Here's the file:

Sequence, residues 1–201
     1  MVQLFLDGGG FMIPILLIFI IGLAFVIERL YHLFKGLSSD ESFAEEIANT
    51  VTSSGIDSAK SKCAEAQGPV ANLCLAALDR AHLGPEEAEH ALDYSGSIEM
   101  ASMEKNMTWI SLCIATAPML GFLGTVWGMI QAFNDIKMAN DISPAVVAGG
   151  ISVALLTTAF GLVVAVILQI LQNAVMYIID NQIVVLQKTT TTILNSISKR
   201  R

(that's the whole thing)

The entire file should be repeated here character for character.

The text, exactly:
Sequence, residues 1–201
     1  MVQLFLDGGG FMIPILLIFI IGLAFVIERL YHLFKGLSSD ESFAEEIANT
    51  VTSSGIDSAK SKCAEAQGPV ANLCLAALDR AHLGPEEAEH ALDYSGSIEM
   101  ASMEKNMTWI SLCIATAPML GFLGTVWGMI QAFNDIKMAN DISPAVVAGG
   151  ISVALLTTAF GLVVAVILQI LQNAVMYIID NQIVVLQKTT TTILNSISKR
   201  R